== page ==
other accidents may decrease.
1320 Perfect Records
With the close of school today every
student in Senior High will have a per-
fect record for a short while, at least.
Monday morning every pupil will enter,
the school building w'tWnc
against him in
grade books.^Emy of the instructors
exam£^^j|P^The first nine weeks
1939-40 school term will
completed this afternoon, and by
next Tuesday students will know just
what kind of a record he made this
first nine weeks.
Maybe some of these records will
be far from good and perhaps others
will be far better. To the stu-
dents who have worked hard and
earnestly the first fourth of this school
year, we wish to encourage you and
hope you continue to do as well the rest
of the year. And then, to the ones who
have, either by carelessness or causes
beyond their control, allowed their
grades to fall low, we want to urge you
not to give up, but to work ever harder
and bring up those low grades. Re-
member, only one-fourth of the school
twenty-seven weeks to make up for
year is gone and you still have around
twenty-seven weeks to make up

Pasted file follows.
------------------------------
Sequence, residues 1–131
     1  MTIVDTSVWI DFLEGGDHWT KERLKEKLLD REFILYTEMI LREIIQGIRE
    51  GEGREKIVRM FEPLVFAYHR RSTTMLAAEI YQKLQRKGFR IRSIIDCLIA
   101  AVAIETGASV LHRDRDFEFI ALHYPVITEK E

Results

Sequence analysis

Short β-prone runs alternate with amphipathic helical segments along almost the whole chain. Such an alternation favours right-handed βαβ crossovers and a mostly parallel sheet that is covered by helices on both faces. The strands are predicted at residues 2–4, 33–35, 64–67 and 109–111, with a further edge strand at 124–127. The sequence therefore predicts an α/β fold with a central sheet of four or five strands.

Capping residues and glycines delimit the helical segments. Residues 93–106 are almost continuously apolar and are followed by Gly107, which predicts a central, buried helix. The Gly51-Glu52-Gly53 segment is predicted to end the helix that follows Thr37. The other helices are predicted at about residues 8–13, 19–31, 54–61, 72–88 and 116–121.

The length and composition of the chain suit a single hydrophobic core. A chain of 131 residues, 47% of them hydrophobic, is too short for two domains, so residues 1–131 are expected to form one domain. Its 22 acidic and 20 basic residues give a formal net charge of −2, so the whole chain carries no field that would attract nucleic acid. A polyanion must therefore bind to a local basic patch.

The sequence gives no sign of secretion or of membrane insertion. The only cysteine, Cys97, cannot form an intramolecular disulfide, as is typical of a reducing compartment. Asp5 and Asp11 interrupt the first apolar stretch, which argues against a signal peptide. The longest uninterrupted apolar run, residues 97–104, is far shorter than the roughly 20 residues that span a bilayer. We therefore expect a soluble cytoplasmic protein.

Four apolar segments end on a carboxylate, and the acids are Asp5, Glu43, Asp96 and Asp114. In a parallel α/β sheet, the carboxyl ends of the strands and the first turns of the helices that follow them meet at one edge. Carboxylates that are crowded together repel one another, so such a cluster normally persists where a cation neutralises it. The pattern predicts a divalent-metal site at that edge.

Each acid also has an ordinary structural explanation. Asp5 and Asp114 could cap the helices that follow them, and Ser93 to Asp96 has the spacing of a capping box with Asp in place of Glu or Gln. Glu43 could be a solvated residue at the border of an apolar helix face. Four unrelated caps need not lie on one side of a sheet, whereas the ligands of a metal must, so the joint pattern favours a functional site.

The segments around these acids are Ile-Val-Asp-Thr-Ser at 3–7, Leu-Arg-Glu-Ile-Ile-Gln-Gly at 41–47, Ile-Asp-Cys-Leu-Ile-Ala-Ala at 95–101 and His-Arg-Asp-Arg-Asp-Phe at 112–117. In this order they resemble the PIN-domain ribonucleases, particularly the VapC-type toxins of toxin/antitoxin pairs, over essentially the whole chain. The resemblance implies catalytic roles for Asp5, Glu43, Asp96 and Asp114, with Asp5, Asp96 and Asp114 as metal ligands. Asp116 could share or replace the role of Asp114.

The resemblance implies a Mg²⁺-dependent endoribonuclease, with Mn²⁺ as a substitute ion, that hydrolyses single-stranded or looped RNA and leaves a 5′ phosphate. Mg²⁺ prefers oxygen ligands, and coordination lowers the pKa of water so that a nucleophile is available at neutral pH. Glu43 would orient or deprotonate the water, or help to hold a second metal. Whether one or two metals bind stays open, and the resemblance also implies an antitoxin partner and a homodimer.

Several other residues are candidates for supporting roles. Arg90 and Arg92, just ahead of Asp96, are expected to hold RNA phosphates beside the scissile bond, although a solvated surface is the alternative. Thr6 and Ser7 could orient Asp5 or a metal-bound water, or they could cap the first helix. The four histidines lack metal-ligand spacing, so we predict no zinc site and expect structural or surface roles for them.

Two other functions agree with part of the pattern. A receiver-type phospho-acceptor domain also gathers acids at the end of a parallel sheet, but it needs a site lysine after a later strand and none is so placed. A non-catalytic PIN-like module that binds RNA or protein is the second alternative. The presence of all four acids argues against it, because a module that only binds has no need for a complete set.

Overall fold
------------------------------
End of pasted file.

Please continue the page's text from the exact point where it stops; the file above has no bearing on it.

what you might have failed to do or
learn the last grade period. So, just
because you didn’t do very well the
first time, don’t ruin your chances for
the next three times by givinb up.
Thought For The Week
The home, the school, the church, the
world, the Christ, need young people
today who are big enough, fine enough,
courageous enough, to face life as they
find it, solve its problems, embrace its
opportunities, accomplish its tasks, and
sweeten and purify all of its streams.
“The Master is here and icalleth ,for
thee” just as He called for Mary of
old. He has need today of thoroughly
Christianized young people. Who will
answer His call?
J. M. Lewis, Pastor
The First Presbyterian Church